As I lay out my gear for the next morning, I began to feel the awkwardness of climbing alone. Usually the gear layout is a time filled with nervous energy and endless chatter between partners. But this time I didn’t have a partner to bounce ideas off of. Instead, I packed in silence, except for the mutterings as I debated with myself about what to take. It was kind of a lonely time, and I missed having someone to ask things like, “Hey, are you going to take gaitors with you?” or “Should I wear my thermals under these pants or pack them?”

As it turned out, I decided to pack pretty light. RMNP had experienced a heat wave for the last few days and tomorrow’s forecast called for more of the same. A clerk at a store in Estes Park said she heard that snow on the Keyhole could be avoided, so I opted to leave the big boots, axe, and crampons. I decided to wear REI Mistral softshell pants with only my hiking shorts beneath them, a Patagonia lightweight thermal zip-neck top, my North Face Apex soft shell jacket, and my leather Asolo hiking boots. In my pack I would carry some light glove liners, my shell parka, a baseball cap for when the sun came out, and my usual bag of “essentials”: map, sunblock, first aid kit, etc. I also packed two quarts of water, one quart of Gatorade, two tortillas with peanut butter and raisins rolled inside, two Snickers, three granola bars, a Slim Jim (need that grease now and again), and two Red Bull drinks for a quick energy boost. I would also carry the REI Summit poles I had purchased in Boulder earlier that day.

Before I knew it, the clock read 9:00. I planned to wake up at midnight and be at the trail by 1:00 a.m. so I knew I had better get to sleep soon. Despite having a miserable, fitful sleep in Alamosa the night before, I couldn’t get to sleep right away. As I lay awake, the seriousness of tomorrow’s undertaking began to set in. I had climbed many big mountains and considered myself to be a relatively competent climber. I had experienced little or no problems on climbs of the giants like Rainier, Hood, Iztaccihuatl and other Colorado 14ers. But this time I was doing it differently: I was going alone. On all my other big climbs I was accompanied by a partner with whom I would entrust my own life. Tomorrow I would venture out onto Longs all by myself with noone to aid me should I get into trouble. Roach’s admonitions kept replaying in my head: “Long’s is a serious undertaking, even in the best of conditions.” Sometime around 10:00 I drifted off to sleep.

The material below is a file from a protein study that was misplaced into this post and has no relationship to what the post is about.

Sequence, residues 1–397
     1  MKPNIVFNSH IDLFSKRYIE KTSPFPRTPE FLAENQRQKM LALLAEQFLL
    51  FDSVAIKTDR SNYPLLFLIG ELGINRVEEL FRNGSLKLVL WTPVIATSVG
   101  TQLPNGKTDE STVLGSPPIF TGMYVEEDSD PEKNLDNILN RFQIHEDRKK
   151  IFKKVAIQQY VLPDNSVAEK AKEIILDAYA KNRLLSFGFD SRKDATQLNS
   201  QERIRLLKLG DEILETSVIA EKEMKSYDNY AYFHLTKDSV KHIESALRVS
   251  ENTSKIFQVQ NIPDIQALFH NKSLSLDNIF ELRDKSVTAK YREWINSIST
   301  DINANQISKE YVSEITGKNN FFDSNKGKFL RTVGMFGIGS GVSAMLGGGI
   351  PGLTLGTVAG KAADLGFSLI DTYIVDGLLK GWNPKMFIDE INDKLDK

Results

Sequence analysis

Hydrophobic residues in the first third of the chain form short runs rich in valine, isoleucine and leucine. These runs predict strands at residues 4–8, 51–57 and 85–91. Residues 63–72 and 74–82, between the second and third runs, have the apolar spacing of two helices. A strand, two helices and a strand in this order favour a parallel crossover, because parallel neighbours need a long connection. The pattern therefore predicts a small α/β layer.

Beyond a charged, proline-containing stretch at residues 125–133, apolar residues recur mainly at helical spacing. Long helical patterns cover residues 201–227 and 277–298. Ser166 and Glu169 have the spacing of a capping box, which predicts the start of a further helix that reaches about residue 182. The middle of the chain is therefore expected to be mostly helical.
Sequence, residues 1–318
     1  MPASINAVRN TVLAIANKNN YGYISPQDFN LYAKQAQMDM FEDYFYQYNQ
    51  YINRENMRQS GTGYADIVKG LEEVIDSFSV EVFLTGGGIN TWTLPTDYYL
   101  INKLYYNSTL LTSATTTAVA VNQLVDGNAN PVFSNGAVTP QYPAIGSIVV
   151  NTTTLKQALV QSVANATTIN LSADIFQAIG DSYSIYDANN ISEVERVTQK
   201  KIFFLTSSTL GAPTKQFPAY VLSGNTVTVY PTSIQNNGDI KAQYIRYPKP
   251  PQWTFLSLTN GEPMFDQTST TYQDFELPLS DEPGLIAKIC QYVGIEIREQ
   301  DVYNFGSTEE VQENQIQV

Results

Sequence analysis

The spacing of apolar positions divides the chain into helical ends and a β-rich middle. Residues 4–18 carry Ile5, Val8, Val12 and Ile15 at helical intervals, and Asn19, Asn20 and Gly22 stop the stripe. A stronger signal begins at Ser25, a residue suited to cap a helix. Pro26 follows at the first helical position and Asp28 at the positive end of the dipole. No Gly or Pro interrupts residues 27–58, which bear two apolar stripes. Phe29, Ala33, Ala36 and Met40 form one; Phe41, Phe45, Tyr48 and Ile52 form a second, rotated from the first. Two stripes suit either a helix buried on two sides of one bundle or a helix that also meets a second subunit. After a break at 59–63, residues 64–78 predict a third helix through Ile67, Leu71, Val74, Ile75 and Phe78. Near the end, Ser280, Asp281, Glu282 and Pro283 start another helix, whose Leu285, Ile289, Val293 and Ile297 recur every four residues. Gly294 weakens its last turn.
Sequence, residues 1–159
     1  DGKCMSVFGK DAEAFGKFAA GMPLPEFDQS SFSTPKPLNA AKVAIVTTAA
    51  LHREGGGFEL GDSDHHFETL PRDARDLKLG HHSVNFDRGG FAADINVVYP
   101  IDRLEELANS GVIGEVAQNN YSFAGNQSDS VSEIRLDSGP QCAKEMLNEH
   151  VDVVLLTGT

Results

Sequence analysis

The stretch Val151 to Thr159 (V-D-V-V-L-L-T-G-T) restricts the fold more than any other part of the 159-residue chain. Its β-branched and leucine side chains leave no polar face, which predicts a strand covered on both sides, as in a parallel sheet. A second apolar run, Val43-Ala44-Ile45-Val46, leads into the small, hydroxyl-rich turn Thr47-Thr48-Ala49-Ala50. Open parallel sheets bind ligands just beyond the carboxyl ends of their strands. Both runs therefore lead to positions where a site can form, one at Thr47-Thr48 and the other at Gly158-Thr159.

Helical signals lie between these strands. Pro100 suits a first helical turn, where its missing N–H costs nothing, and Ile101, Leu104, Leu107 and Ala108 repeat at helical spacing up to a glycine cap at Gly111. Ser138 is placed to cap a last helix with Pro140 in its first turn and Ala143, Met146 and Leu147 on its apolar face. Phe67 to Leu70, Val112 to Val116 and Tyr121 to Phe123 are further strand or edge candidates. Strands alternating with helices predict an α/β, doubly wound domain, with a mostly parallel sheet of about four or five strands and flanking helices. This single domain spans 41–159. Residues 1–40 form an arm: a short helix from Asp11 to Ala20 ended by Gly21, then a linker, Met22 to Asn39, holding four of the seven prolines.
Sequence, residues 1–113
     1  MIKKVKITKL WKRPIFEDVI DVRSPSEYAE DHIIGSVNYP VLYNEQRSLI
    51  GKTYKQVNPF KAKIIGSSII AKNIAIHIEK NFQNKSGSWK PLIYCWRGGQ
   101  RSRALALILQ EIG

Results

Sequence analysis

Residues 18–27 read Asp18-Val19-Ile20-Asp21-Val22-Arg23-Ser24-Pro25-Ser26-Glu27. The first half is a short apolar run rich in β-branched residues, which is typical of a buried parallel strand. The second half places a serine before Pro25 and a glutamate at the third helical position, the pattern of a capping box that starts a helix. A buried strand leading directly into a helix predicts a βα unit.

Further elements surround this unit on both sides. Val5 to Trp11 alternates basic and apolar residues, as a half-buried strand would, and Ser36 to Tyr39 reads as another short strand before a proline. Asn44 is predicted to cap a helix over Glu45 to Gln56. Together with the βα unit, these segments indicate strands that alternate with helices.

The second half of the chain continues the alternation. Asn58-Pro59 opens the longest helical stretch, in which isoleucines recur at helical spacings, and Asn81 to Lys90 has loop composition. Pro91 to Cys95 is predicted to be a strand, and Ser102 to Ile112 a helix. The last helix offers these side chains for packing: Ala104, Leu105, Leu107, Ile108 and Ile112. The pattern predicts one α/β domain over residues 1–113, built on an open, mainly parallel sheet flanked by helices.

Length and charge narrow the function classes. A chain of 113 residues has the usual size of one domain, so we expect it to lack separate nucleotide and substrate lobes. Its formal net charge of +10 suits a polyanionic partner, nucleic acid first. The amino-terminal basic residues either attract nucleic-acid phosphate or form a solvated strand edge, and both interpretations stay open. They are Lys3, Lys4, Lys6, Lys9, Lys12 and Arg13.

5. The Climb

I awoke a few hours later, at 1:00 a.m., an hour later that I had planned to get up. Nevertheless, I put on my gear, ate a quick breakfast consisting of Red Bull and a Granola bar, and headed out the door of my hotel. The All Budget is the kind of hotel you check out of by simply leaving the key in the room. So when I finally shut the door behind me, I was committed to the climb. Any thought of slumbering away the rest of the night and wimping out with a day hike vanished when I shut the door behind me.

It was a beautiful, clear, and virtually moonless night as I left Estes Park for the Longs Peak trailhead. The temperature felt to be about fifty degrees. As I left the town of Estes Park, the landscape became pitch black. Occassionally I would pass the lights of a home in the woods, but, for the most part, the woods along the road seemed forebodingly dark.

Eventually I reached the turn off for the Longs Peak Trailhead and followed the winding, dark road to the parking lot. By this time it was about 1:45 and the lot was virtually empty except for about 4 cars. No other climbers were out, and only the dim lights of the bathroom and trail register cut the blackness of the woods.

When you’re sitting alone in a tiny car in the middle of the night at a dark trailhead to a foreboding mountain, many thoughts go through your head. Again my mind began to fill with thoughts of self doubt. My spirits were further dampened when I walked over to the bulletin board and read the rangers’ update on Longs route description. According to the update, many portions of the route were still coated with “snow and ice,” and, over all, the route was still a “technical undertaking.”

Remembering Roach’s warning that Longs is a serious undertaking even in good conditions, I again began to wonder what the hell I was doing out here alone. I thought of just hopping back in the Neon and heading back to Albuquerque, where my wife and kids were no doubt slumbering peacefully in a comfortable bed.